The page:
Highlights from each speaker: Part 2 – Annie Griffiths
While we weren’t able to be one of the over 12,000 attendees at Adobe MAX this year, we fortunately live in the digital age and were able to watch it streaming live, and revisit the talks and announcements as they became available online and to everyone.
Thursday’s keynote was particularly inspiring. While Wednesday focused a lot on software and program updates (also important), the speakers highlighted at the Thursday General Session demonstrated diverse creative backgrounds and mindsets about the work they do showing that success is achieved and lived in different ways.
Those speakers included “a potter, a photographer, a musician, and a filmmaker,” as Ann Lewnes, Adobe Executive Vice President and Chief Marketing Officer, remarked, before we found out these those more general relatable terms represented more well-known people including Jonathan Adler, Annie Griffiths, Mark Ronson, and Jon Favreau.
Annie Griffiths
As one of the first female photographers at National Geographic and also one of the youngest at the time, Annie Griffiths made the most of her incredible opportunity. From not going anywhere outside Minnesota where she grew up, to now photographing over 150 countries, she shows how her photography has expanded her vision and purpose in life.
When starting, she primarily looked to take beautiful photographs. But “as time went on, I kind of had this longing to seek more than beauty in my photographs. I really became more interested in the people than the place. And I wanted to show the connective tissue among all cultures and also the things that set us apart.”
Sliding through various photographs, she highlighted the background story of each – Australians in tutus, the graduating class in North Dakota – which consisted of two people, and a photo above Victoria Falls.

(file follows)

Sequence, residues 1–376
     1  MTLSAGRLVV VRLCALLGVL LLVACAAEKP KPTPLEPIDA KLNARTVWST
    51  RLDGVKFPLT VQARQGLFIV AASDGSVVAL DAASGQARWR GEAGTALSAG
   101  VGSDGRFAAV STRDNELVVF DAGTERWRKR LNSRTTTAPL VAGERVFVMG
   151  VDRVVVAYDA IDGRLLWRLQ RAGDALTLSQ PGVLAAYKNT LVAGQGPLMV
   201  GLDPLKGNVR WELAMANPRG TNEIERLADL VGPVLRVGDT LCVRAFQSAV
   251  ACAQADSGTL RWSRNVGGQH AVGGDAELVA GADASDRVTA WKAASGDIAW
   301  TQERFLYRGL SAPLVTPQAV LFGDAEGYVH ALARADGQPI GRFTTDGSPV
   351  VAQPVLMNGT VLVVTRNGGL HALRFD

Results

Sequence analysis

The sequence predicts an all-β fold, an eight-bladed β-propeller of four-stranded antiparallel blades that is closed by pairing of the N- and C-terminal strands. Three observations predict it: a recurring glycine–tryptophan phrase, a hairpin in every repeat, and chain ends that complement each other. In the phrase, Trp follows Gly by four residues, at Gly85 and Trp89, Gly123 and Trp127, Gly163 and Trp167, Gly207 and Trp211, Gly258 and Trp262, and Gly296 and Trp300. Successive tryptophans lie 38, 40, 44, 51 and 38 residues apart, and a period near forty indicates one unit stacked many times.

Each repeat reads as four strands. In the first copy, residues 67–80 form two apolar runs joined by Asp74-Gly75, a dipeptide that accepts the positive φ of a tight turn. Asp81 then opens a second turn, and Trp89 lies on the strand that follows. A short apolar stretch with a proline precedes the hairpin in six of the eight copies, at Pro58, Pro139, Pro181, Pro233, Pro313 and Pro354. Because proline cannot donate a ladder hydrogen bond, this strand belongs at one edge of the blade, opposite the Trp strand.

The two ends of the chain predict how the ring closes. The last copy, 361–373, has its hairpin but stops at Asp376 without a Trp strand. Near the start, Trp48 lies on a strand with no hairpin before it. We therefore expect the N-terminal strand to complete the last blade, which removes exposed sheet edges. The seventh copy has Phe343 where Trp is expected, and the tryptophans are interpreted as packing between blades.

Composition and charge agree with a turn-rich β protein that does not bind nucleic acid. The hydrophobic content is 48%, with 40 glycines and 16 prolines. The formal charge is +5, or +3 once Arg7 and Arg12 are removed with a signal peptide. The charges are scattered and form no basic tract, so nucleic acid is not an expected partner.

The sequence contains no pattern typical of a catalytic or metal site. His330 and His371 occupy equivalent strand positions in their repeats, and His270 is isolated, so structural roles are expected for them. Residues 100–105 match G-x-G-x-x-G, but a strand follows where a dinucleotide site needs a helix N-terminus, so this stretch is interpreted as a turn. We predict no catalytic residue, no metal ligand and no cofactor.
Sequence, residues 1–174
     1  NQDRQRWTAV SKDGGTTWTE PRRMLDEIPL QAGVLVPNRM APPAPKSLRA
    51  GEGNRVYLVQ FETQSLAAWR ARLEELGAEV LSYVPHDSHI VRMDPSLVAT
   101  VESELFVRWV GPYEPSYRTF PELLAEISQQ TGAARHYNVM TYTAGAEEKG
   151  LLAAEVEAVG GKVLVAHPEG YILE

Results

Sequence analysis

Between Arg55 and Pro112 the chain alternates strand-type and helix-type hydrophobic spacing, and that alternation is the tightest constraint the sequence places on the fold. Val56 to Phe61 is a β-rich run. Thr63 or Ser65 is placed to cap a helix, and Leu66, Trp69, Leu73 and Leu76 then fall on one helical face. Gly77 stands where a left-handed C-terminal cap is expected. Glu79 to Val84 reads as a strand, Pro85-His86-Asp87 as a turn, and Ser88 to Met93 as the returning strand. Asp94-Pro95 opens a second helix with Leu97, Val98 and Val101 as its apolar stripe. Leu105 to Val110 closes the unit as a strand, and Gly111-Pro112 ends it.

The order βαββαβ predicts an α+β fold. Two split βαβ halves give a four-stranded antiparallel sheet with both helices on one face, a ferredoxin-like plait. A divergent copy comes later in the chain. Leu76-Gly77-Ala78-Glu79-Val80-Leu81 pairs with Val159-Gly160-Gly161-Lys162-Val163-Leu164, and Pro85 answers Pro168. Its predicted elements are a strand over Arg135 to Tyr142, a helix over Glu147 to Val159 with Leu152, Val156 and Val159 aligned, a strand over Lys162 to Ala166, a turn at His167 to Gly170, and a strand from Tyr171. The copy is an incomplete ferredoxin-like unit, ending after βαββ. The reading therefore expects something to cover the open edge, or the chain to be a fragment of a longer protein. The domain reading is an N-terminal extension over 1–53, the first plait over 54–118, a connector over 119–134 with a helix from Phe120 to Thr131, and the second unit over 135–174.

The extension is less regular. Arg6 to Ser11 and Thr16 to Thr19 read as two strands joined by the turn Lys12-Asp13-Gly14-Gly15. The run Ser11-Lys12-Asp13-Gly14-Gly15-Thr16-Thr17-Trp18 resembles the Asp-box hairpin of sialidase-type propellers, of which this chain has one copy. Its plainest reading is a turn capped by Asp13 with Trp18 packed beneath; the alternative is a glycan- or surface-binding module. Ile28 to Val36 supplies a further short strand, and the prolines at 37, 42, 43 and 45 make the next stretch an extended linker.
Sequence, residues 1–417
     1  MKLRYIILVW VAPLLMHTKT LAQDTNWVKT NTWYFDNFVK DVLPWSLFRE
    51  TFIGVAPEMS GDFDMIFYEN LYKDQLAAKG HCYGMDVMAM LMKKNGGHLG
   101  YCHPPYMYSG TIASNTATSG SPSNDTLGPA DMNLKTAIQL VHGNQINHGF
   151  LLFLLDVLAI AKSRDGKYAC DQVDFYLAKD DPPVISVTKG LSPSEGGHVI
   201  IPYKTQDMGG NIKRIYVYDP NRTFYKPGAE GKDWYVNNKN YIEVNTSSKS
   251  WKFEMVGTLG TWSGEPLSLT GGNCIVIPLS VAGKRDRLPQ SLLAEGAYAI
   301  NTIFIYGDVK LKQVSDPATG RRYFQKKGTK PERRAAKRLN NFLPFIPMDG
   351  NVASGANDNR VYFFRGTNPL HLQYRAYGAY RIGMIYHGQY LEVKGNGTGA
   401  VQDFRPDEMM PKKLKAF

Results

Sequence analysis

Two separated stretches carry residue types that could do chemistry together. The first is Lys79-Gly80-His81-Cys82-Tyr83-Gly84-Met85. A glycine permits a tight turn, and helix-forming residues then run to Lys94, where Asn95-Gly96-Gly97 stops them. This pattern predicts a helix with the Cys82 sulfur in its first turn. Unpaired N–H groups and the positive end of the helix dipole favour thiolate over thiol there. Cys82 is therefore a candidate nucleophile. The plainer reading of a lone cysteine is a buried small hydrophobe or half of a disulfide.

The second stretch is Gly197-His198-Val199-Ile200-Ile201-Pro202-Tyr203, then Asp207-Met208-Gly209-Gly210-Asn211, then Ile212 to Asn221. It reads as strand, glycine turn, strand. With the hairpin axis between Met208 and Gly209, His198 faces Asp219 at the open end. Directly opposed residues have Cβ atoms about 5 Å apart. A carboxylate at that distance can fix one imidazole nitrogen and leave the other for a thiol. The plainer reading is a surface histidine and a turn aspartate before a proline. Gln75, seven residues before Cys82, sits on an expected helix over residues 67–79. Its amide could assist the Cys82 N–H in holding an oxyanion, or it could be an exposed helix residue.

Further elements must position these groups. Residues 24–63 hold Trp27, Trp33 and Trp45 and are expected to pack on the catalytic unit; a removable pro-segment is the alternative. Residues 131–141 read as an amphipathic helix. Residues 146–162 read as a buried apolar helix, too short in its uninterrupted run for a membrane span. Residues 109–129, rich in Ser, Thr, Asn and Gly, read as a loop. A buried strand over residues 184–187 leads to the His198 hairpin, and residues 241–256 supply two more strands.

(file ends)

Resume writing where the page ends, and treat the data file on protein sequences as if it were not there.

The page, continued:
She became especially interested in environmental stories, and then the environment and women and children. She started focusing on “programs that empowered women and children in the developing world.”
She founded Ripple Effect images – “a collective of photographers who document the programs that are empowering women and girls in the developing world, especially as they deal with the devastating effects of climate change – and in six years has worked with 26 aid organizations, has done 28 films and has an archive of over 25,000 images and the aid organizations have reported raising over $10 million using those assets.
By taking care of basic needs like fresh water, and educating small communities about basic nutrition and health like telling them what a germ is, they are more capable of thriving and leading their communities.
Another basic need that these organizations have been able to help with is, “the single biggest killer of women and of kids five and under in the world…. It kills more people than AIDS, malaria and tubercolosis combined.” It’s household air pollution from cooking and heating fires and lighting with toxic chemicals and fossil feels.
Griffiths believes education is the heart of empowerment. She shows photographs of women with clean cook stoves and the joy it brings, the poorest woman she’s ever met because she lost seven children to malnutrition helping a little girl go to school, women being taught how to build solar lanterns, salt farming done by young girls, and more.
“When you humanize a culture or an issue, people are very capable of getting it. If I can help provide that perspective that motivates people to be more open minded and kinder and more generous, then that’s what I want to do,” Griffiths said.
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